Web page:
Sunday, March 28, 2010

Guest Blogger: Linda Acaster

The winner of Linda's book is: Julia Rachel Barrett. Congratulations, Julia! Send me your contact info and I'll pass it along to Linda. Thanks to everyone who participated.
What are we doing when we toss a coin into a fountain in the middle of a noisy shopping mall? Making a wish? Trying to change our luck? How does this work in our cynical rush-rush world of the 21st century?

The simple answer is that it doesn’t. What we are subconsciously doing is enacting a rite at least 3,000 years old, invoking the female deity of the pool to remain benign and keep producing life-giving, drinkable, water.

Here in the British Isles, long before the introduction of coinage, items of wealth were being cast into sacred pools: exquisitely decorated swords, helmets, dishes and torcs – the twisted gold neck-rings that were the emblem of authority in Celtic Britain – sacrificed on behalf of the extended family, or people of the tribe.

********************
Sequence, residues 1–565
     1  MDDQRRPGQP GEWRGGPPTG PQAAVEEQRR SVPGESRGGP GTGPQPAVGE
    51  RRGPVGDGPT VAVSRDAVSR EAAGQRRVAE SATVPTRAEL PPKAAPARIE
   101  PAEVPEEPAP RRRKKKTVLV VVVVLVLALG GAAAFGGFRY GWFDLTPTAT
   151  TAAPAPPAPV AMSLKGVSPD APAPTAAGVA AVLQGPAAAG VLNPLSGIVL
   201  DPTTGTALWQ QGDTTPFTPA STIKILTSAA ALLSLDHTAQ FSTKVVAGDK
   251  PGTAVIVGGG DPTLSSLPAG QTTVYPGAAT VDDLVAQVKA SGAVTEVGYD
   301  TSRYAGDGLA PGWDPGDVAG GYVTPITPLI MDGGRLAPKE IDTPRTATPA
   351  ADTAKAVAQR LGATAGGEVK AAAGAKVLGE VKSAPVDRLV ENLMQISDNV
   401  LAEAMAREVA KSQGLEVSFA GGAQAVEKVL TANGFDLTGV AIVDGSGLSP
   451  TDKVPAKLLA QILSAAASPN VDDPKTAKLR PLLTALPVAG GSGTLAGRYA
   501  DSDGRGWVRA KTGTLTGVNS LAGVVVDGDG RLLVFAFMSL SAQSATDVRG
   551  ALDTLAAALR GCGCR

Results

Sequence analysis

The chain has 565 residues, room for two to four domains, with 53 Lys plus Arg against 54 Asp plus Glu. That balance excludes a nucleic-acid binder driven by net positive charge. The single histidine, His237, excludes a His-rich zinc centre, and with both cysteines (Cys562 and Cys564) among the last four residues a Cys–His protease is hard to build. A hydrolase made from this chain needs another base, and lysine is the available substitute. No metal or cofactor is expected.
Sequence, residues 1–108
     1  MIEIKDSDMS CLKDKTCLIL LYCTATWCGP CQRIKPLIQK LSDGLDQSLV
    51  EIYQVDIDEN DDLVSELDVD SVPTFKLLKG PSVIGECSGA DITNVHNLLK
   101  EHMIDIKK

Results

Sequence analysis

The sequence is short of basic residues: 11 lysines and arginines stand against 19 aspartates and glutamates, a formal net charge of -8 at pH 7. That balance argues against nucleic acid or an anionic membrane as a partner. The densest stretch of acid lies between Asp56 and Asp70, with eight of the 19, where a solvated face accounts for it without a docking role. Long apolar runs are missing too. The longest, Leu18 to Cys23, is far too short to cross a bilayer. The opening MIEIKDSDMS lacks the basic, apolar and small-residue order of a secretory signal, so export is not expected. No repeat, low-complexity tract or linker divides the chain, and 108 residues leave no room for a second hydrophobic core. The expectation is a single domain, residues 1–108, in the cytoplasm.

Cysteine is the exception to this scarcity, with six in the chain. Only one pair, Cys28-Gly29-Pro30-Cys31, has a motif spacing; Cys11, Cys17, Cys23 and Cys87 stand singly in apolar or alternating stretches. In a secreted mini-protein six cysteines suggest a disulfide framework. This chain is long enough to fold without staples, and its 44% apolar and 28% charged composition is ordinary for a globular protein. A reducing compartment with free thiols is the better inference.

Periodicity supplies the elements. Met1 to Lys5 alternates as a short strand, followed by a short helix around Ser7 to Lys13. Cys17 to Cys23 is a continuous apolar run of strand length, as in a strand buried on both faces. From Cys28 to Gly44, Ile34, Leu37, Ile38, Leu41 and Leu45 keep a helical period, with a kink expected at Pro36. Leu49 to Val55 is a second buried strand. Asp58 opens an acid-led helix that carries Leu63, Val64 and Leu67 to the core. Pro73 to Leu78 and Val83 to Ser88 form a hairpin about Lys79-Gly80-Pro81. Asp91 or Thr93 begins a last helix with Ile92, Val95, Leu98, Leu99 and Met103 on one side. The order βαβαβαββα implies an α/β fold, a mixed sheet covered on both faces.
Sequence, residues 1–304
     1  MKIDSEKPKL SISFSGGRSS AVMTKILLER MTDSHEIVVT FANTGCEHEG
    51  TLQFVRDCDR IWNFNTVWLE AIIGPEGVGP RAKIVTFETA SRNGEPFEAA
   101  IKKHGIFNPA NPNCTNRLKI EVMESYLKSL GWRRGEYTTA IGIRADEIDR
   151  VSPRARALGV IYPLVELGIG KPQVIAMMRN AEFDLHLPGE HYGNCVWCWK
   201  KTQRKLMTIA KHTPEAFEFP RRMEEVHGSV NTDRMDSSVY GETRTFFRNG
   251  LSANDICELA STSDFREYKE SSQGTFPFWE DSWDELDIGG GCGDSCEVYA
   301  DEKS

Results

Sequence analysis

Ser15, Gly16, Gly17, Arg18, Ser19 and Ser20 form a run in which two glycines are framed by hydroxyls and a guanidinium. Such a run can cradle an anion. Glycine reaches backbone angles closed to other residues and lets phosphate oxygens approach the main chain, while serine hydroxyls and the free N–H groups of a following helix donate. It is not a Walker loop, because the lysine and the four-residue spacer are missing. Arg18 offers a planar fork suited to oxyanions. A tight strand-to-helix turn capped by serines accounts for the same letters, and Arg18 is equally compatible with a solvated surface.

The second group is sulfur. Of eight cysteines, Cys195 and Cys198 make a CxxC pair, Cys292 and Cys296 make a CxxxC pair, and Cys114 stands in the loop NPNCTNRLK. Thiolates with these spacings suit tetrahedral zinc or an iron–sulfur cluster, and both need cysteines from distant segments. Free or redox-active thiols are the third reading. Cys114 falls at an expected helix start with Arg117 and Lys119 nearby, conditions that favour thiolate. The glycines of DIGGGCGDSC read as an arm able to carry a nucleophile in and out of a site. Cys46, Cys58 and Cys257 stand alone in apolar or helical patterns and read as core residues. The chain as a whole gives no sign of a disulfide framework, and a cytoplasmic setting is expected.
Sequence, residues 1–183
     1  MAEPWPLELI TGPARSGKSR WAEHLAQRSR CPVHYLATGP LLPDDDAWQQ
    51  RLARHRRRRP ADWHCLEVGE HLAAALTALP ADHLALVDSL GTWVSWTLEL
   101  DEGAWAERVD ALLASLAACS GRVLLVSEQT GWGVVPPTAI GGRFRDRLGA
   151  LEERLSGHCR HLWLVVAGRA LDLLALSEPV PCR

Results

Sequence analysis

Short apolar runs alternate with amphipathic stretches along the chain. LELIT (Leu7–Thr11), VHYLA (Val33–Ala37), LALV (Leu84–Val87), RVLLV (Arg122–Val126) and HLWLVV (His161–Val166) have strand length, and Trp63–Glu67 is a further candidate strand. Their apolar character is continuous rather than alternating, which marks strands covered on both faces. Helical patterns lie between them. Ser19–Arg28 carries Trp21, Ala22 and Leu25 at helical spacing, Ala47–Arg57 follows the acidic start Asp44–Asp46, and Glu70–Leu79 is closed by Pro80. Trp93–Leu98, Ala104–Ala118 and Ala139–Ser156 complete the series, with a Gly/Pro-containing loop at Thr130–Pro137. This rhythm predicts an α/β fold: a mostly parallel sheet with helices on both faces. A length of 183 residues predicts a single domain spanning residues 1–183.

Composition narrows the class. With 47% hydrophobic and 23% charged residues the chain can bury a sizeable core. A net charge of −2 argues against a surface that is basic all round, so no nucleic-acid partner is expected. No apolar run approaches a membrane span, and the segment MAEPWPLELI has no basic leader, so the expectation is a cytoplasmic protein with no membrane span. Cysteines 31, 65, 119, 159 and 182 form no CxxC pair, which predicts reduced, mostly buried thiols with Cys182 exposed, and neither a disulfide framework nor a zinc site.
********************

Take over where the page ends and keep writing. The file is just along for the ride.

The larger, tribal sacrifices tended to be clustered around the year-end festival of Samhain, when the crops were in, the land was dying back for winter, and it was believed that the barrier between this world and the Otherworld was thin enough to allow the dead, and Otherworld beings, to impart wisdom to the living. When Christianity sought to extend its influence, the churches built on known sites of these divination rites were not named for individual saints, but for All Hallows, or All Saints & All Souls, so that their annual celebrations would eventually obliterate the pre-Christian rites which had taken place there at the time of year we now know as Halloween.

But not every site was obliterated by a Christian church, though many springs were made into Christian pilgrimage sites, their waters often attributed with medicinal qualities, and nearly always presided over by the Virgin Mary – Christianity’s female deity.